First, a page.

Appointment will be made at a maximum of the 8th point of the New Assistant Professor Merged Salary Scale.

Candidates wishing to discuss the post informally should contact:
Ms. Ruth Archbold, School Administrative Manager, School of English by email:

Applications will only be accepted through e-recruitment

Further information and application details can be found at:

Closing date for receipt of completed applications is:
no later than 12 Noon GMT on Thursday 14th January, 2016

CFP – Childhood and Youth Network SSHA 2016

We invite you to participate in the annual meeting of the Social Science History Association by submitting a paper or session proposal to the Childhood and Youth Network of the SSHA. The conference will take place November 17-20, 2016 in Chicago, IL. For more information on the conference as well as the general call for proposals, please refer to the SSHA website: The deadline for full panel or individual paper proposals is February 20, 2016.

The association particularly emphasizes interdisciplinary and transnational research, and the annual meeting provides a very supportive environment in which to present new work. The theme of the 2016 conference is “Beyond Social Science History: Knowledge in an Interdisciplinary World,” though papers on any other aspects of the history of childhood and youth are also certainly welcome. Complete panels must include at least 4 papers and presenters from more than one academic institution. Other formats, including roundtable discussions and book sessions, are also possible. Please do get in touch with the network chairs if you have an idea for a session but need help gathering presenters.

Proposals can be submitted by means of a web conference management system at If you haven’t used the system previously you will need to create an account, which is a very simple process. Graduate students presenting at the conference may apply for a travel grant from the SSHA (

Let us know if you need any help making a submission or advice about a proposal. If you have any questions, please contact the Childhood and Youth network co-chairs:

Emily Bruce:
Anna Kuxhausen:
Ataçan Atakan:

Possible themes suggested at the 2015 Childhood and Youth network meeting include:

  • child refugees
  • girlhood in comparative perspective
  • postcolonial theory in childhood studies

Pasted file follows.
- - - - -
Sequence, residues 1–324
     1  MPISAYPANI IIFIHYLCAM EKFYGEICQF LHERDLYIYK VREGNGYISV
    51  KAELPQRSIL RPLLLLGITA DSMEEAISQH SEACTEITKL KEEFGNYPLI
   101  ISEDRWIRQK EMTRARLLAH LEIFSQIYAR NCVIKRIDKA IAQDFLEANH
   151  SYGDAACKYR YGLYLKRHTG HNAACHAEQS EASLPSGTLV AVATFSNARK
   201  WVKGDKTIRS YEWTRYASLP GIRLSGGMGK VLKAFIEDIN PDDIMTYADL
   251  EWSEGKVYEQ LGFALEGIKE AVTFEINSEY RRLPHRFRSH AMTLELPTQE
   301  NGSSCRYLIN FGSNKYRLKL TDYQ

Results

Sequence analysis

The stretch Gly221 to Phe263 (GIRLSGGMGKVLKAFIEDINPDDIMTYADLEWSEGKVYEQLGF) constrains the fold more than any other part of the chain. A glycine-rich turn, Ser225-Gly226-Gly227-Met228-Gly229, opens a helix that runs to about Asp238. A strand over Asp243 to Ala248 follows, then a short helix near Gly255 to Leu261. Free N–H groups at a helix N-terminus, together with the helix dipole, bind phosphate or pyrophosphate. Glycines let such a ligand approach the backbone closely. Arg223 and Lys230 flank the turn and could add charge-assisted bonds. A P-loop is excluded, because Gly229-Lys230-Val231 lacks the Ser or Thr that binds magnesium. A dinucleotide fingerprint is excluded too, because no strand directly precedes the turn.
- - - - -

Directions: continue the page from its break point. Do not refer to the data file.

• childhood illness in graphic memoirs
  • adoption
  • childhood and the history of emotions
  • parenting and experts in an interdisciplinary world
  • children in revolutions; childhood and war
  • youth and disability
  • queer childhoods
  • performativity and childhood
  • children’s literature
  • state-child relations
  • childhood and religion
  • race, class and childhood

Seminar – Childhood and the Postcolonial: An Ethnographic Exploration

Please join us for a lunchtime seminar hosted by the Childhood and Gender Stream, Social Science Research Unit, UCL Institute of Education:

Childhood and the Postcolonial: An Ethnographic Exploration

Sarada Balagopalan (Rutgers University)

Discussant: Kirrily Pells (UCL Institute of Education)

Monday, 18th January 2016, 12.30-14.00
Room 736, UCL IOE, 20 Bedford Way, London

Normative constructions of ‘childhood’ often tend to rehash well-known debates on modernity – a majority of childhoods in the global South are usually found to be ‘lacking’/lagging and all solutions/transformations are a re-enactment of shifts that have already taken place in children’s lives in the modern west.  In contrast to this reading, my book Inhabiting ‘Childhood’: Children, Labour and Schooling in Postcolonial India employed a ‘postcolonial’ lens to critically rethink the ‘difference’ that laboring children signify.  In my talk I will draw upon this ethnography with street children in Kolkata, India to discuss two separate, though interconnected, ways in which a postcolonial lens opens up our current understandings of marginal children’s lives.  The first is by locating these contemporary lives within a longer history of colonial modernity and postcolonial development, and thereby re-reading the ‘child’ as a critical and productive site in the working out of a different modernity.  The second is through using postcolonial theory to critically discuss the circulation of liberal categories – like rights, protection, agency – which are increasingly deployed around these categories of children.  By focusing on the postcolony as a conceptual, rather than a descriptive, lens through which to read the lives of children, I hope to discuss the potential in theorizing childhoods ethnographically.